Music Business Mistakes of 2010 -#5C Industry

#1 – Waiting
#2 – Unreasonable Expectations
#3 – Poor Planning
#4 – Comparing Apples To Oranges
#5a – Black and White Thinking (Day Job)
#5b – Black and White Thinking (Career Trajectory)
#5c – Black and White Thinking (The Industry)
Perhaps the most stunning example of black and white thinking for musicians is the way they interact with or react to the industry.  A large percentage of the musicians I encounter either despise the industry for reasons that don’t seem to be well articulated or are enamored with the industry and desperate for the attention, validation and information that these executives may or may not really have.
I know I am not stating anything that isn’t obvious but sometimes stating the obvious is helpful.  Simply put- record label executives, music managers, music supervisors, booking agents and music publishers are really just people like any other group of people.  There are those who are brilliant and others who are dim, those who are really good and caring and others who seem to be fashioned out of pure evil.  Why mention this?  I guess because it’s important to have some perspective on what elicits such strong feelings from the musician community.  Mind you, I’m not saying anyone’s feelings are unjustified but I do believe they could often be tempered with a bit of perspective that might make things feel a bit less personal and unpleasant.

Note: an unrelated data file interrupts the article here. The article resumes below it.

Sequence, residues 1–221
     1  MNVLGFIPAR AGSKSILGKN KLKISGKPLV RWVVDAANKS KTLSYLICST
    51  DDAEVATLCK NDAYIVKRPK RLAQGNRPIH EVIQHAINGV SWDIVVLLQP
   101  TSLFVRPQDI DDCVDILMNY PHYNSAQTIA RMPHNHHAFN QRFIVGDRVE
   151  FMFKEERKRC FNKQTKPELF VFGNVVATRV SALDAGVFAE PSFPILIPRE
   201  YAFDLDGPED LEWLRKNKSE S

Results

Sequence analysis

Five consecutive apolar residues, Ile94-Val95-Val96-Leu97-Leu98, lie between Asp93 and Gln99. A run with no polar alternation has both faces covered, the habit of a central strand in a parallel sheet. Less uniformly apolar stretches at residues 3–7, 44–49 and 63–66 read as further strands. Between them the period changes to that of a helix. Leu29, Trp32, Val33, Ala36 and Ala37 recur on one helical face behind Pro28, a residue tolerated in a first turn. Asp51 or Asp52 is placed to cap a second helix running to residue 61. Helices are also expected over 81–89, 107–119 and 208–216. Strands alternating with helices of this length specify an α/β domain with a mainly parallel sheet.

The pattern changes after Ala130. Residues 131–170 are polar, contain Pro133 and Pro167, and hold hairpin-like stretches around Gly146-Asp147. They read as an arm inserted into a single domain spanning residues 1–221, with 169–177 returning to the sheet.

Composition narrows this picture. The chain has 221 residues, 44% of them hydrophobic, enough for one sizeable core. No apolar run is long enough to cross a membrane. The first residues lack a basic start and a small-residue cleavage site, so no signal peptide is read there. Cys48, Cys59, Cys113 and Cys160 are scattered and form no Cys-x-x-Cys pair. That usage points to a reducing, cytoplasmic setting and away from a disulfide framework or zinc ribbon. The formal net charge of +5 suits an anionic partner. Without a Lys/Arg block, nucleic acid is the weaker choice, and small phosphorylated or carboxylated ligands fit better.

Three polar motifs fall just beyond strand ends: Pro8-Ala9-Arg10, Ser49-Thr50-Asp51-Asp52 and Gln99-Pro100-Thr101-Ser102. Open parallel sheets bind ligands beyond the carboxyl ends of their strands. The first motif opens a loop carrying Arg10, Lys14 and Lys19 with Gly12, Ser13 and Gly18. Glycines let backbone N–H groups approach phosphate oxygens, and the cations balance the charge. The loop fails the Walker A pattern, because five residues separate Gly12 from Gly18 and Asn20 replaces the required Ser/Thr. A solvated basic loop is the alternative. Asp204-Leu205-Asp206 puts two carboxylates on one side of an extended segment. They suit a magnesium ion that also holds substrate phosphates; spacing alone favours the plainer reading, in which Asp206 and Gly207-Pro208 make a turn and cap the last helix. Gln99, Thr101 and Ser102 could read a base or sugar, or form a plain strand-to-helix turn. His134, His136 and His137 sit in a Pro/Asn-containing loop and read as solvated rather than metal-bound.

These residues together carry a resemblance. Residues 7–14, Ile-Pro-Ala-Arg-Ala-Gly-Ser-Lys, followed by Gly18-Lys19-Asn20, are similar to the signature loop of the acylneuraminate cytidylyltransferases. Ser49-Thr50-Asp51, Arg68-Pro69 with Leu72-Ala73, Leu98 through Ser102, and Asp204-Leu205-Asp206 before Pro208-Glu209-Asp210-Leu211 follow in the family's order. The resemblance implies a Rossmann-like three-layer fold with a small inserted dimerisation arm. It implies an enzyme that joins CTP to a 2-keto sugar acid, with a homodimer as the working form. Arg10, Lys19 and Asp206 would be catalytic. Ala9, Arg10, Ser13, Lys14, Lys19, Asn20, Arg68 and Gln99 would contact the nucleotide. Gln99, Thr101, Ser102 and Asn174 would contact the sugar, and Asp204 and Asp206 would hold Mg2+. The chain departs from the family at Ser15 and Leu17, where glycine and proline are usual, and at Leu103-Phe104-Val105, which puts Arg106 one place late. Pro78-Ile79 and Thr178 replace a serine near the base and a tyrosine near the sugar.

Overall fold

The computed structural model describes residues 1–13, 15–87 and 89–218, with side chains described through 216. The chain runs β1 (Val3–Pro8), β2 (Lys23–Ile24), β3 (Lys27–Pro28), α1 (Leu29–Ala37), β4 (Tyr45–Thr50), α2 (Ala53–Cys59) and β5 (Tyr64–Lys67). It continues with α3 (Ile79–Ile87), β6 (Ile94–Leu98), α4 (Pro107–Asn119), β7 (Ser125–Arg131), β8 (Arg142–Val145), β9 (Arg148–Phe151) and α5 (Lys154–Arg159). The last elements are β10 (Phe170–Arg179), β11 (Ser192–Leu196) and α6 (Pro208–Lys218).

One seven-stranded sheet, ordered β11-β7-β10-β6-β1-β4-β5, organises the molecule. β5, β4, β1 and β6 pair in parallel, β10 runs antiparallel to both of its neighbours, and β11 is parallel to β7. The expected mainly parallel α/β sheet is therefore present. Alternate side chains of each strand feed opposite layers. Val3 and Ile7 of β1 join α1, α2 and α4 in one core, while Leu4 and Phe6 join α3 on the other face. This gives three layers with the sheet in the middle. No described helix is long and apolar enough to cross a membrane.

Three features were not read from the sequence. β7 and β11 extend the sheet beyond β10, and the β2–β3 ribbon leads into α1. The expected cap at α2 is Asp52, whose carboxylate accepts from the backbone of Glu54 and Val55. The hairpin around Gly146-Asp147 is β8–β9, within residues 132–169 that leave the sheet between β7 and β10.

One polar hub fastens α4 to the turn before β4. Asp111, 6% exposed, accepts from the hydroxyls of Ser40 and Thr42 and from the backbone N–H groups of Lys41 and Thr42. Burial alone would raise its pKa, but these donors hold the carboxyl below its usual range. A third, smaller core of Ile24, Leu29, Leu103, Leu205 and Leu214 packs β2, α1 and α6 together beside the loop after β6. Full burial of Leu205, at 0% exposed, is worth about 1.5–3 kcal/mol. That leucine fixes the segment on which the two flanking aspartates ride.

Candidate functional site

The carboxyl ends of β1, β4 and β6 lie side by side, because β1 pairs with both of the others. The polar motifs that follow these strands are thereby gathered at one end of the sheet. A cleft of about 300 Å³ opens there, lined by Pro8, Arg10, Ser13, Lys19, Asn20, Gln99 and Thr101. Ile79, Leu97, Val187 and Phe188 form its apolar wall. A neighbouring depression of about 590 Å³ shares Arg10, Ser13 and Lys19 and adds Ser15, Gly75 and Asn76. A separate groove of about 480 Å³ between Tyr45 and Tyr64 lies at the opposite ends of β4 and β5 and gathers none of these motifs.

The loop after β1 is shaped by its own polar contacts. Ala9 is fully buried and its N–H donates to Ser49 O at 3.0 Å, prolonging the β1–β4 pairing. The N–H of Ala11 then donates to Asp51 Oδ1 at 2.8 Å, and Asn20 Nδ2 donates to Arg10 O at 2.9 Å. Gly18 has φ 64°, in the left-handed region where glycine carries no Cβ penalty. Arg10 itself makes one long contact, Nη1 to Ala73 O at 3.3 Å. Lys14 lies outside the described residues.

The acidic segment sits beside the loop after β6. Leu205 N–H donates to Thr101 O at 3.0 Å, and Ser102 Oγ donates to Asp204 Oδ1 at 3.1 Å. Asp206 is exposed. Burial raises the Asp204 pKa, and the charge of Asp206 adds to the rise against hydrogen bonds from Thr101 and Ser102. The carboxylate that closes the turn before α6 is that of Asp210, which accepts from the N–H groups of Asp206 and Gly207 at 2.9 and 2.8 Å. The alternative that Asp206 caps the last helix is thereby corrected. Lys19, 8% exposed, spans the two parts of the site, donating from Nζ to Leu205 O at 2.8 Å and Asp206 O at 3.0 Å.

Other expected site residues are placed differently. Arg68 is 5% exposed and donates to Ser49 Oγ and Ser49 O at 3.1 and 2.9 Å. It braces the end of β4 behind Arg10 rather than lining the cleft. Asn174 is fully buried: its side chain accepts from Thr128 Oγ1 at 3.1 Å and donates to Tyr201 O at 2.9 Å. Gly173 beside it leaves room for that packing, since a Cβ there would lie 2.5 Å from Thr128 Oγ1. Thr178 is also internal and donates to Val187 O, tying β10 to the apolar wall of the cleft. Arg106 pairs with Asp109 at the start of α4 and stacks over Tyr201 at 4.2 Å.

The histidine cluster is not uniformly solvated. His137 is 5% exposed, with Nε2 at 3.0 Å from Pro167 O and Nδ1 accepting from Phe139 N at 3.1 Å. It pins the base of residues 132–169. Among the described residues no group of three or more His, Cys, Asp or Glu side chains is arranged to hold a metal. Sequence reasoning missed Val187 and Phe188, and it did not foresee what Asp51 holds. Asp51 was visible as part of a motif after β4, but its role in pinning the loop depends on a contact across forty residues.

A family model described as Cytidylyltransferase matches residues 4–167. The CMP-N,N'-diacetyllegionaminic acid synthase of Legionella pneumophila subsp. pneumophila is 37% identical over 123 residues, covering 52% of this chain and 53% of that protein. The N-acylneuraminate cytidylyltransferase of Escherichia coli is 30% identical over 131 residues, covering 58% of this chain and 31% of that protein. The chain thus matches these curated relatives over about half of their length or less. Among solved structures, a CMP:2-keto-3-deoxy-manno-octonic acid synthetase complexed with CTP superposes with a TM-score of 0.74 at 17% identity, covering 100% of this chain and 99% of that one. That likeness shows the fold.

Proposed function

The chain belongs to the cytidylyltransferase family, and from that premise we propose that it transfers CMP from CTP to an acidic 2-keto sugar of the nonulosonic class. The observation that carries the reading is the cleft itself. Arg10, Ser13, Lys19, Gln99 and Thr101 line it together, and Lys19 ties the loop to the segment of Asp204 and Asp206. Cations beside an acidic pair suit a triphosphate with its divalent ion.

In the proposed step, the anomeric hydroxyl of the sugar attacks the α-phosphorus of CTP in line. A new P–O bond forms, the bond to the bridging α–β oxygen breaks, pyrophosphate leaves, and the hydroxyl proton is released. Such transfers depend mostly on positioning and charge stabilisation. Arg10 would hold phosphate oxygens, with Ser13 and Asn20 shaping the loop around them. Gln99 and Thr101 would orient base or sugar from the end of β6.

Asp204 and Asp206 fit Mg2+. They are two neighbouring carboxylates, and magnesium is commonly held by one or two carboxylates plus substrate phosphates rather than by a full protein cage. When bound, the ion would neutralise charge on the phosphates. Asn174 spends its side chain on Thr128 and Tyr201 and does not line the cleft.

So why demonize the music industry? Yes- there are many people out there who prey on the entrepreneurial hope of musicians- so please be careful.  The monetary losses aside it would just take one of these awful experiences to sour anyone on the music business and / or humankind in general.  It’s a bit more subtle than that though.  Everyone knows going in that there are long odds in “making it” in the classic sense of the term otherwise everyone would be a famous musician.  That said when artist and executive partnerships don’t work out both sides like to play the blame game.  Can executives poorly handle and in fact harm an artist’s career?  Sure.  Can music executives do everything right and still have an artist not connect to an audience in a meaningful way?   Yes- Absolutely.  So is it the fault of the industry if things don’t work out?